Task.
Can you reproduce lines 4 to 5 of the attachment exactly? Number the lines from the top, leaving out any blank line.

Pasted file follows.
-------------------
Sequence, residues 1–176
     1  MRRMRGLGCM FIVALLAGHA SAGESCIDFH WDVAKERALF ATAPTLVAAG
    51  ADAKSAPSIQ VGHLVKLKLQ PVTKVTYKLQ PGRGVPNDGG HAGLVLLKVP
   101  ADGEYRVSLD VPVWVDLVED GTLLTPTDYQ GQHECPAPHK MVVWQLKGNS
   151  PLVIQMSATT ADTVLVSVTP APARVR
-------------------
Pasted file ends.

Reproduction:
   101  ADGEYRVSLD VPVWVDLVED GTLLTPTDYQ GQHECPAPHK MVVWQLKGNS
   151  PLVIQMSATT ADTVLVSVTP APARVR